During a career spanning 25 years, Cristina Mittermeier has photographed bowhead whales in the Arctic, sea turtles in the Galápagos and an awe-inspiring array of marine wildlife in the oceans in between. She spoke to Five Media about the urgency of protecting the beautiful undersea world—much of which remains to be explored.
What is it about the ocean that attracts you?
From an early age, maybe because of what Jacques Cousteau was doing for National Geographic, it was so obvious to me that our planet is an ocean planet—that this is the ecosystem that allows life to exist, so how could I not be fascinated by that? I think we all should be!
What’s your earliest memory of the ocean?
I grew up in the mountains of central Mexico, but my father was from Tampico, a small city in the Gulf of Mexico, which is part of the oil infrastructure along the Mexican coastline. We’d go visit my grandma and the beach and my earliest memories are of being taken by this massive wave, tumbling and coming out exhilarated. But my next memory is of my mother cleaning the tar off our feet because the beach was so polluted from the fossil fuel industry.
“You just have to put the camera down and marvel. There’s over a million years of evolutionary perfection out there.”
Your most memorable marine wildlife encounter?
I have so many! Usually it’s the most recent one. We just spent five days swimming with eagle rays. There must have been 100 of them following a large female in big circles—all in just nine meters of water. They’re simply mesmerizing. They have a dotted pattern on their dorsal area and it feels like an artist took a lot of care designing something so fragile and exquisite. They come close to you and you just have to put the camera down and marvel. There’s over a million years of evolutionary perfection there and we know nothing about them. There are secret pockets of the ocean where these things are still happening.
Every time you go down, you see something you’ve never seen before. We get these little glimpses of the ocean and its creatures but it’s so big and it’s so unexplored and, shockingly, it’s the Sustainable Development Goal that’s the most underfunded. As a scuba diver, my tank is what keeps me alive. I don’t neglect it because it’s my next breath. The same goes for our oceans. It’s the life support system of this planet. We need to understand and protect this thing that keeps us alive.
When people say that 50 per cent of the oxygen from the planet comes from the ocean—it doesn’t come from the water. It comes from the cocktail of creatures in this living broth that is creating the chemistry of our planet.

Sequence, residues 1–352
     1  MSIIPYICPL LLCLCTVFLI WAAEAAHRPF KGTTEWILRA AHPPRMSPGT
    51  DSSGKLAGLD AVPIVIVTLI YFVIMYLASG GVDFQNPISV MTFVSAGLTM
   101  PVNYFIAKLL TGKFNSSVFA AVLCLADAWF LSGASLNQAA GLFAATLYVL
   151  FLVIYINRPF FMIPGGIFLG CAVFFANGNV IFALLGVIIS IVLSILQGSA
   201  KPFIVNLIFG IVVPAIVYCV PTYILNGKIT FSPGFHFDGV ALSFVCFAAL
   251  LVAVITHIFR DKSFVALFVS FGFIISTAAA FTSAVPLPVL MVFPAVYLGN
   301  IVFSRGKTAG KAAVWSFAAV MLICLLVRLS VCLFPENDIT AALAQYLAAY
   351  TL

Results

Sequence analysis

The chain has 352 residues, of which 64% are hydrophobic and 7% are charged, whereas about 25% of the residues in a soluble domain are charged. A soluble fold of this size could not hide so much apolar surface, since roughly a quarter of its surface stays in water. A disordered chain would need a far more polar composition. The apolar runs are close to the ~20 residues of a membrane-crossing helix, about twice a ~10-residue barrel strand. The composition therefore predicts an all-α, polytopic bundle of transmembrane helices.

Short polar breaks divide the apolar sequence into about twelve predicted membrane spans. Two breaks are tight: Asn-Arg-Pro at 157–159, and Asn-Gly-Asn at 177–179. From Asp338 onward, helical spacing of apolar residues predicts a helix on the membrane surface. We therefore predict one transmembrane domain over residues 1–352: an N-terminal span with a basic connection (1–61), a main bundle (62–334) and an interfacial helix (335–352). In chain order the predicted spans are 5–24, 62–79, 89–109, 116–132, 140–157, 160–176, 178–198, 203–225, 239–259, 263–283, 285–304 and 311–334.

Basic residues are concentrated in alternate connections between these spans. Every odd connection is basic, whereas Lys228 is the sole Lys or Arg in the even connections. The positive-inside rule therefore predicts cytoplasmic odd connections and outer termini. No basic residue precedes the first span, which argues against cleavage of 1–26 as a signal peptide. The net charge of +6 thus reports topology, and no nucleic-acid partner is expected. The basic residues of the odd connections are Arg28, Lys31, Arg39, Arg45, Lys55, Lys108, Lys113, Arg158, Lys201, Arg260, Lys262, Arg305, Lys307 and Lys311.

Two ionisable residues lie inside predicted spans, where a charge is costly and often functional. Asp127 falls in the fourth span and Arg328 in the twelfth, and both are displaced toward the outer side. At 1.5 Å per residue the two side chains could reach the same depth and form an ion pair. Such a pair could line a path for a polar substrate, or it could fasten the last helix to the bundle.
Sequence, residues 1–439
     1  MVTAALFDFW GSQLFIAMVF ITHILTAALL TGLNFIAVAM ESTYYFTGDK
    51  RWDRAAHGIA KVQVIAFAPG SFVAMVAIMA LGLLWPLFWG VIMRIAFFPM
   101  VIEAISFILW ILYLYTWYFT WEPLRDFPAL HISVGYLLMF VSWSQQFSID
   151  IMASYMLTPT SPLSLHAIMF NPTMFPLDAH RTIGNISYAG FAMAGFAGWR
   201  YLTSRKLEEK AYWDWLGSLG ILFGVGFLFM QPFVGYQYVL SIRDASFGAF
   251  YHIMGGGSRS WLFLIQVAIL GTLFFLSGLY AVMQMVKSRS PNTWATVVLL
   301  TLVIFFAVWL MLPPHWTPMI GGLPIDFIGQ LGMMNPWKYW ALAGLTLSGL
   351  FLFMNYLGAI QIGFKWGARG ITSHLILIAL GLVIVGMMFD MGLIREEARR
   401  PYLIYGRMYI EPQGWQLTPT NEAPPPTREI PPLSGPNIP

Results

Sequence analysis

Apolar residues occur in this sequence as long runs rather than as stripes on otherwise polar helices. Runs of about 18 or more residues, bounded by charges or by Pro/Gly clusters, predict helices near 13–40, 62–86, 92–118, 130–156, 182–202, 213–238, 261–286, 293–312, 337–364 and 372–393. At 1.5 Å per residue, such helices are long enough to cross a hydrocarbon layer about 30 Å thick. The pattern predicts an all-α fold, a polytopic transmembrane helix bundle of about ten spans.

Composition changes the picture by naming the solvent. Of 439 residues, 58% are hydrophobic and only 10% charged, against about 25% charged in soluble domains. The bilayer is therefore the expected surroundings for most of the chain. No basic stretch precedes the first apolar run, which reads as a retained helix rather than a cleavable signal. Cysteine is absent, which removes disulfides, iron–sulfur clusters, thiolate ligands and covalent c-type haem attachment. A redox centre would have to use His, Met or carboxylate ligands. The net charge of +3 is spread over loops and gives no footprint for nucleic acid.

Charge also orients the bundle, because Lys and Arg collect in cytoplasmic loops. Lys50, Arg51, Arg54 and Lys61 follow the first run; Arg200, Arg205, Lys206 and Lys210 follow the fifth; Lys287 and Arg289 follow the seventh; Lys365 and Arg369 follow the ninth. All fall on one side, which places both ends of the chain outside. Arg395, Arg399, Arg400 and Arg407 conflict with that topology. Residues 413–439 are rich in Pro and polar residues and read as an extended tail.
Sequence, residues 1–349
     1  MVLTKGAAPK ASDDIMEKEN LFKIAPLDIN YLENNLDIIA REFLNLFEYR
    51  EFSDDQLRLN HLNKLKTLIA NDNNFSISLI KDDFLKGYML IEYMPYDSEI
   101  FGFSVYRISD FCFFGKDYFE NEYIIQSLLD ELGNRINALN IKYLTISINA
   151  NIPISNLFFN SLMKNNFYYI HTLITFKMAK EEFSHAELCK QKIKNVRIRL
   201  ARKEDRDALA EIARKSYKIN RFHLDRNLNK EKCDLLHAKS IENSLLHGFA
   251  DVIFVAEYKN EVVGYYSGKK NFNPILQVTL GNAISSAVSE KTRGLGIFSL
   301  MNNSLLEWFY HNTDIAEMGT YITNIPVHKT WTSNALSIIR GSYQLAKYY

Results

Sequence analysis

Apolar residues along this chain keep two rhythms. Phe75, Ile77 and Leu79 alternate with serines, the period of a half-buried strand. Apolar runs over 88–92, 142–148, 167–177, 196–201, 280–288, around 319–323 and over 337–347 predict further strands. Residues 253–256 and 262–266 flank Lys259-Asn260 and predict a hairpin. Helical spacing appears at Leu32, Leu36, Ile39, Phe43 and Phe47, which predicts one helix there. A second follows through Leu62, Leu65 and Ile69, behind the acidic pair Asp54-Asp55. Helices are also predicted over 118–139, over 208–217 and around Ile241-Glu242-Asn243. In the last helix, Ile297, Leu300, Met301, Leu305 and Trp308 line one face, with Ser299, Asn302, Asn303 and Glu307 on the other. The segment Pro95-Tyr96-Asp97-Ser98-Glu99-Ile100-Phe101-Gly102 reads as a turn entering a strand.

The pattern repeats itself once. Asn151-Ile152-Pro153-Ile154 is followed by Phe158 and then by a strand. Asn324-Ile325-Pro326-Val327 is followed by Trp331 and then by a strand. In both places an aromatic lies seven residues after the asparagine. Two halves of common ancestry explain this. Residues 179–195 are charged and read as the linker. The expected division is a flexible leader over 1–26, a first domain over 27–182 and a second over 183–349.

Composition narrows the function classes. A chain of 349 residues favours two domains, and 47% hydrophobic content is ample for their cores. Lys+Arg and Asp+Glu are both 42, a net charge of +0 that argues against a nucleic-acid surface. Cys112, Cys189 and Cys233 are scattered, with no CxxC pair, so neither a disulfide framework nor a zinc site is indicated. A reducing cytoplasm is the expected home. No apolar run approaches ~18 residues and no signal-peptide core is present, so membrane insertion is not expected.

You’ve set up organizations that bring photographers together around conservation. What drove you to do that?
I could see that the photographic community didn’t recognize itself as a force for conservation issues. Nobody was asking how we can use our images to further the cause of protecting the planet. So I started the International League of Conservation Photographers, even though I was still a mom of three children—a housewife working from my basement and thinking: what do I know about starting a non-profit organization?
But running a non-profit meant that I neglected my own conservation photography work. When I was able to start shooting for National Geographic with my partner and fellow photographer Paul Nicklen, we were on the frontlines, seeing exactly what’s happening to our oceans. I felt like we needed to let the world know that the ocean is in trouble.
SeaLegacy [a collective of photographers and filmmakers working for healthier oceans] allows us to speak directly to the people that follow our work and give them the opportunity to take action and be part of the solution. I think young people crave that.
What can people do?
A lot of people want to do the right thing but don’t know how. We want to make it easy for them. So we launched a new action platform, Only One, as part of SeaLegacy last year. We have a big menu of actions. Sometimes it’s signing a petition or adopting coral, restoring a mangrove or supporting research. And it’s working. It’s a matter of learning about the problems, understanding the solutions and giving people an opportunity to act. When people see that it’s making a difference, they want to do more.
“We’re seeing the rise of a global movement of young people demanding a living planet.”
What gives you hope?
I could not have said this 10 years ago when things felt really hopeless, but now we’re seeing the rise of a global movement of young people demanding a living planet. I feel hopeful that there’s still a window to turn this around. COVID has taught us that our planet is interconnected. That we are very vulnerable and need to rely on the natural world. I think we’re having a unique moment. It’s now or never.
Lead image: A lucky encounter with a blue whale on a dive in the Azores.
Reprinted with permission from Five Media.